59Sec 3: The Age of Jefferson (con’t) The Age of Jefferson (continued…)Witness History: A Jefferson Calls for Free SpeechNote Taking: Reading Skill: Identify Main IdeasNote Taking: Reading Skill: Recognize SequenceColor Transparencies: The Marshall CourtGeography Interactive: U.S. Territory, 1803Chart: U.S. Population,Map: The Reexport Trade in ActionProgress Monitoring TransparencySec 3: The Age of Jefferson (con’t)59
60Reducing GovernmentJefferson reversed much of what the Federalists had done, such as presidential style; addressed as “Mr. President”Reduced taxesCut the bureaucracy – the departments and workers that make up the federal governmentSlashed the size of the army to 3,000 menLet stand the Bank of the United States since charter would expire in 1811
61Rivals to Jefferson Aaron Burr: Vice President Alexander Hamilton, now a lawyer in New YorkBurr killed Hamilton in a duel in 1804, ending his political future
62Judiciary ActsJudiciary Act of 1789: created a national court system with three circuit courts and thirteen district courts, headed by the Supreme CourtStated that the Supreme Court would settle differences between state and federal laws
63Judiciary ActsJudiciary Act of 1801: decreased the number of Supreme Court justices and increased the number of federal judges. Adams filled the new posts to have more Federalists judges;Known as midnight judgesAngered Jefferson who felt that he should appoint new judges from his political party
64John Marshall Federalist leader Became Chief Justice in 1801 and held post for 34 yearsEstablished principle of constitutional law – judicial reviewInsisted federal laws were superior to state laws
65Marbury v. MadisonAdams appointed Marbury as justice of the peace for the District of ColumbiaSecretary of State Madison never delivered the papersMarbury sued MadisonChief Justice Marshall ruled against Marbury; declared part of the Judiciary Act of 1789 unconstitutionalEstablished the power of judicial review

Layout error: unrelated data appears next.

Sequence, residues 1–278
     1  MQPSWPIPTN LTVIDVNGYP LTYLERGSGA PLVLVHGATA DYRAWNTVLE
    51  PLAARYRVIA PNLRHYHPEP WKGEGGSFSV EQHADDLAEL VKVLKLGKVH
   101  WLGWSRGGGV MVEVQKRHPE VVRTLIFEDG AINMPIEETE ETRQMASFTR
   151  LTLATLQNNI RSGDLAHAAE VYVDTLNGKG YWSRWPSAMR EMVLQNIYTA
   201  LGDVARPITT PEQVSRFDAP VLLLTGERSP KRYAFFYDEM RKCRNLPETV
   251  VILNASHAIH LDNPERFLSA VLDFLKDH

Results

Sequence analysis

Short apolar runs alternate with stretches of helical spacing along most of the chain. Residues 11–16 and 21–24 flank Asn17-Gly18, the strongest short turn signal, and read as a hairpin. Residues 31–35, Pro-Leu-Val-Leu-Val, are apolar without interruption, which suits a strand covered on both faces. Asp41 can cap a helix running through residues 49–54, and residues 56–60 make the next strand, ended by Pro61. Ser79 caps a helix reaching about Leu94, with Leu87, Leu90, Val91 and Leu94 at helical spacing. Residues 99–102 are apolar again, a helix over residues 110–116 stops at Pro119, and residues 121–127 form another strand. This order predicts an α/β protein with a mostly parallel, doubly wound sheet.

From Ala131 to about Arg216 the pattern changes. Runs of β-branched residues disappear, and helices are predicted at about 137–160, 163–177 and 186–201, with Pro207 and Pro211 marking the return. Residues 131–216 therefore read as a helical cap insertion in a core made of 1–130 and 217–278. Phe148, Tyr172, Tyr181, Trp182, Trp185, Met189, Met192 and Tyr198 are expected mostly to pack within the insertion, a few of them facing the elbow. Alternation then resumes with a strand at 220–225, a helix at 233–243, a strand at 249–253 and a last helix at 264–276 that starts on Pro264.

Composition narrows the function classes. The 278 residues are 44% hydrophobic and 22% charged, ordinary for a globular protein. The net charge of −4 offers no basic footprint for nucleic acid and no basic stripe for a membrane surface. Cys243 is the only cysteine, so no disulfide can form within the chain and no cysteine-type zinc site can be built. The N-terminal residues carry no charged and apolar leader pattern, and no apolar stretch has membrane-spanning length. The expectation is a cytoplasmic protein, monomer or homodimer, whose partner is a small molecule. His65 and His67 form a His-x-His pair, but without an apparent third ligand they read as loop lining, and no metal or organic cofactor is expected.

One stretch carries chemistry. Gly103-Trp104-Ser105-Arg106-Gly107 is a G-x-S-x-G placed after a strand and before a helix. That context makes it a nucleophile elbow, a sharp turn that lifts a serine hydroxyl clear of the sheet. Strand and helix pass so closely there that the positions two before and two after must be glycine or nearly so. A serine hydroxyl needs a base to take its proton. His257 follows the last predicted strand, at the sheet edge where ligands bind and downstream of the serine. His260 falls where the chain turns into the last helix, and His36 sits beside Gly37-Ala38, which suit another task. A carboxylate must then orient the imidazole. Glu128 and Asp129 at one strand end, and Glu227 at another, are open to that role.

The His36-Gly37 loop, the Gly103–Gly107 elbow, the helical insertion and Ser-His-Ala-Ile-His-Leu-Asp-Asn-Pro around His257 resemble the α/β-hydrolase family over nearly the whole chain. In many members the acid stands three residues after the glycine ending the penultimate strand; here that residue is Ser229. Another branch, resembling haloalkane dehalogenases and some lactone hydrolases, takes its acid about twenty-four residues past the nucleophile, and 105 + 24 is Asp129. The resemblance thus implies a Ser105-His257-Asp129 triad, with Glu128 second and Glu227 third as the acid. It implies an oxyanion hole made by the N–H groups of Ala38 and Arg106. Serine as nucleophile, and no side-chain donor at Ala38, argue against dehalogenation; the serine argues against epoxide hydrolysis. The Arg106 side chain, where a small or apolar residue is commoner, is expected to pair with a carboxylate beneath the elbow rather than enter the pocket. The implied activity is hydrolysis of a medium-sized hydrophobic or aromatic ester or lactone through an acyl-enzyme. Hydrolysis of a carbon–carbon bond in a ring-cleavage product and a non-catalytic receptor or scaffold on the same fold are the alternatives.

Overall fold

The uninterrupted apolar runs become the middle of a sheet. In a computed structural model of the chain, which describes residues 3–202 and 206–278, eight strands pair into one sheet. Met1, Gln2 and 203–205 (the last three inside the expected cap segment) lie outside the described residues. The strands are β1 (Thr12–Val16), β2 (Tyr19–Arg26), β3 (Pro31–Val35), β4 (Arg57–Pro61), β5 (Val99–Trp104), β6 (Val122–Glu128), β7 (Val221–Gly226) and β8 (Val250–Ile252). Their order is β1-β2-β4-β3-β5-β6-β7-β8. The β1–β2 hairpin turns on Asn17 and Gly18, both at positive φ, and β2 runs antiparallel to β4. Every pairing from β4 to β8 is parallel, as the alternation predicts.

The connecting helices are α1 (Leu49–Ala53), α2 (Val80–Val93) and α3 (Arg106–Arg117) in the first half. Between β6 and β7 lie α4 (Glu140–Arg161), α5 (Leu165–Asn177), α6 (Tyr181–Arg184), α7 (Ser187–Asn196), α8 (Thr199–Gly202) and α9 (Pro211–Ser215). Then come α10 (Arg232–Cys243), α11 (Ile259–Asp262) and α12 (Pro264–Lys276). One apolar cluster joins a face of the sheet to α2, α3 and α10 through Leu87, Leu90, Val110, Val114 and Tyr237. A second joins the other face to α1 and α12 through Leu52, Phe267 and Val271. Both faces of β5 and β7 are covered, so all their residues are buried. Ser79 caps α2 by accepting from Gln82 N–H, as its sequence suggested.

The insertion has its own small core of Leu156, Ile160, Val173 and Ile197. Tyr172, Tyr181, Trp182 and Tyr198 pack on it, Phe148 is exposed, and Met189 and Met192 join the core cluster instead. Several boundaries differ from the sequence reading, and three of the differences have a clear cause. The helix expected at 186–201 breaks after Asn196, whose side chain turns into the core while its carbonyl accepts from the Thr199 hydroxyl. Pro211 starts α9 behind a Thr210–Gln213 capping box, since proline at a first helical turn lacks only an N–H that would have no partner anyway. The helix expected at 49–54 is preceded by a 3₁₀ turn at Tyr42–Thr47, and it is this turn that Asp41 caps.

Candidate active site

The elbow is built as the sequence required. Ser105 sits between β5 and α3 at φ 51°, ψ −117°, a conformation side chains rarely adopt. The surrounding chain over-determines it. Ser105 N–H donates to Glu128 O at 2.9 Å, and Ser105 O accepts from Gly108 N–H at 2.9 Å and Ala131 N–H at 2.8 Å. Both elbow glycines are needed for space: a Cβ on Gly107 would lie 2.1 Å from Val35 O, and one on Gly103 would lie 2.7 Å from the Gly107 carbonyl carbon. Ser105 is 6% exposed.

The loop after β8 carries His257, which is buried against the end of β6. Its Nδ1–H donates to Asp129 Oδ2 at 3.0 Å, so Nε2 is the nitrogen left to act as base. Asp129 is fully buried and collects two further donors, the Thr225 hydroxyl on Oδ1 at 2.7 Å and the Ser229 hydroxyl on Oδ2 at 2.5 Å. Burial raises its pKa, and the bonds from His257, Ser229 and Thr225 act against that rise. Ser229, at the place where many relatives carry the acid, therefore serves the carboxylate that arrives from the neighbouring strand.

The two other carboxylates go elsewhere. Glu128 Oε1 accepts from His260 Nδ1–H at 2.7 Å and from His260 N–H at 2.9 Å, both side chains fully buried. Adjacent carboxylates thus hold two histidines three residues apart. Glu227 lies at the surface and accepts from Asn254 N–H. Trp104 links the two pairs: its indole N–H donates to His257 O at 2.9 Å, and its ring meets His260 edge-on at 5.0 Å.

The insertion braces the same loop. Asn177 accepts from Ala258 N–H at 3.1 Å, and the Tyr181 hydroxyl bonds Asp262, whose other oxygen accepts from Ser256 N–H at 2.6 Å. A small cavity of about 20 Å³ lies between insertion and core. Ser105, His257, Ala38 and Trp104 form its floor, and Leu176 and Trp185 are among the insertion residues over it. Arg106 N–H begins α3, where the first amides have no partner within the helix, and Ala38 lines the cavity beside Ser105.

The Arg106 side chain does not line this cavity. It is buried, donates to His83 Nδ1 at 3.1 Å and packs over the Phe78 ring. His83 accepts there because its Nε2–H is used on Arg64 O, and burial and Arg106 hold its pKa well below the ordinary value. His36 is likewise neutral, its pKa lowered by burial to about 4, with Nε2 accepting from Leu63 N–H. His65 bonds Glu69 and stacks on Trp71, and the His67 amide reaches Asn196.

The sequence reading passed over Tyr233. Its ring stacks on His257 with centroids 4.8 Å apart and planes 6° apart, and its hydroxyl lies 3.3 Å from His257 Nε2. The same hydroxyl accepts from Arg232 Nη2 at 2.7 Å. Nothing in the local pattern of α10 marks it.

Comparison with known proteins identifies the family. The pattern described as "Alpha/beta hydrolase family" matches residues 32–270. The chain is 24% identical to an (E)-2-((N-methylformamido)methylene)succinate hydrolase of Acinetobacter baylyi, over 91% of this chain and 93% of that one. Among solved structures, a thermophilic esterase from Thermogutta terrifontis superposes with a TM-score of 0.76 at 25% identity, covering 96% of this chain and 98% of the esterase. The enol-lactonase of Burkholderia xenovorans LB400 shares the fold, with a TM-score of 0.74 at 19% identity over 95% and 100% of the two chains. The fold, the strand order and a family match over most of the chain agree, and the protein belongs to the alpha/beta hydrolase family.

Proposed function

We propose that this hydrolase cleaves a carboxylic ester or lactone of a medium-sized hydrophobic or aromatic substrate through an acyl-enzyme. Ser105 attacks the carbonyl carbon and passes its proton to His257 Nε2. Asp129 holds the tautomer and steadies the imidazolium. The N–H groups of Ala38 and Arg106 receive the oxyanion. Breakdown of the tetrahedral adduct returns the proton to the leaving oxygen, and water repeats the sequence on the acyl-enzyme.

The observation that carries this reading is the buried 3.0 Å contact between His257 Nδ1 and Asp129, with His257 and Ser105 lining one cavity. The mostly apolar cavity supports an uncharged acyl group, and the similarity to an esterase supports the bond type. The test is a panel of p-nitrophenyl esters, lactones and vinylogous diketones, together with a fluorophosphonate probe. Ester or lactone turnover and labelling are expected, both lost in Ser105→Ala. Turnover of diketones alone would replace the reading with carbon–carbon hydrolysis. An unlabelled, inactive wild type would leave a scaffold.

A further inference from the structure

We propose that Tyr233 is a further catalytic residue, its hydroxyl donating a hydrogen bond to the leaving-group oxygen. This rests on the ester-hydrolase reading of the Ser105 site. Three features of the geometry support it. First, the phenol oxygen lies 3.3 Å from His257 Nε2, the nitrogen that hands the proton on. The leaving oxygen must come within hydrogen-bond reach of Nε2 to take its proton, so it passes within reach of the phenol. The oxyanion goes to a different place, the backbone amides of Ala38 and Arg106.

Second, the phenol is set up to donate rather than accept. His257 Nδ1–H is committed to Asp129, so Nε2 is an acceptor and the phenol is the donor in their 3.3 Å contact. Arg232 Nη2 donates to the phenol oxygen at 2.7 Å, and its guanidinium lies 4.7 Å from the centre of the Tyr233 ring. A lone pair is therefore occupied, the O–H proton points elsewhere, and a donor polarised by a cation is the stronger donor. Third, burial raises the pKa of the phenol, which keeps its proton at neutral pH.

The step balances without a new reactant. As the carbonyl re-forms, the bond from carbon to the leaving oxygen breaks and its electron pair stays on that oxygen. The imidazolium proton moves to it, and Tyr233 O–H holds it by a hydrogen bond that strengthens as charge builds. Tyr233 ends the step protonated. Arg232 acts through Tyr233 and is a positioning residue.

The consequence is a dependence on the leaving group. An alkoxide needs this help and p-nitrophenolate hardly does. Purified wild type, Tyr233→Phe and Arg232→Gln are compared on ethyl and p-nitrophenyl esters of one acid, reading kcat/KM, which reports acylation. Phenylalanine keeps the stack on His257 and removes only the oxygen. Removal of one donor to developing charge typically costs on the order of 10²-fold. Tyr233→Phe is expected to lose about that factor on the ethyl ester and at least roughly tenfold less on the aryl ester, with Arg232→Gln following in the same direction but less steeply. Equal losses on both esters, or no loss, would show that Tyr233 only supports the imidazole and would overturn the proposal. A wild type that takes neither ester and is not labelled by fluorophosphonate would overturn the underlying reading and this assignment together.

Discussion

66Judicial ReviewEnables federal courts to review state laws and court decisionsCan decide if laws passed by Congress are constitutional
69U.S. Population,CHARTChart: U.S. Population,6969
70Louisiana PurchaseNorthwest Ordinance of 1787: established a process by which territories could become statesLand Act of 1800: Americans able to buy land in small parcels and on creditNapoleon, the French ruler, took over much of the Spanish land in the West and charged large sums of money from American traders to use the Mississippi River and New Orleans
71Louisiana Purchase France controlled New Orleans Napoleon failed to stop a rebellion in HaitiJefferson sent James Monroe to Paris to buy New Orleans for $10 million, but he bought all French land for $15 millionJefferson overcame doubts about constitutionality of buying land and signed purchaseDoubled the size of the U.S.
72Lewis and Clark Expedition Meriwether Lewis and William Clark explored the Louisiana Purchase in 1804 to make contact with Native Americans and to gather information about the region’s natural resourcesSacajawea and husband were interpreters
74Zebulon PikeTraveled as far west as the Rockies and then south into Spanish-held territory between 1806 and 1807Pike’s Peak
75Foreign Policy Jay’s Treaty expired in 1805 Great Britain and France at war againHarassing American ships; British kidnapping American sailorsLeopard incident – British ship, the Leopard, attacked the U.S.S. Chesapeake, inflicting 21 casualties in search of deserters from the British navy
76Barbary War Barbary States of North Africa used piracy for profit U.S. had paid prote4ction money to the Barbary StatesPrice increased, so Jefferson blockaded the port of TripoliPeace in 1805
77Reexport TradeWar between Britain and France with British capturing French merchant shipsAmericans brought cargoes from French islands to American ports, and then shipped them to FranceBritish began to confiscate American merchant ships for trading with the FrenchBritish began to impress American sailors
79Embargo of 1807 Outlawed almost all trade with foreign countries Little effect on British or French tradeAmericans smuggled goods to Europe in defiance of the embargo (a restriction of trade)Jefferson used navy and federal agents to enforce the lawRuined Jefferson’s second term
80Note Taking: Reading Skill: Identify Main Ideas 8080
81Election of 1808 James Madison was elected president Jefferson retired to his home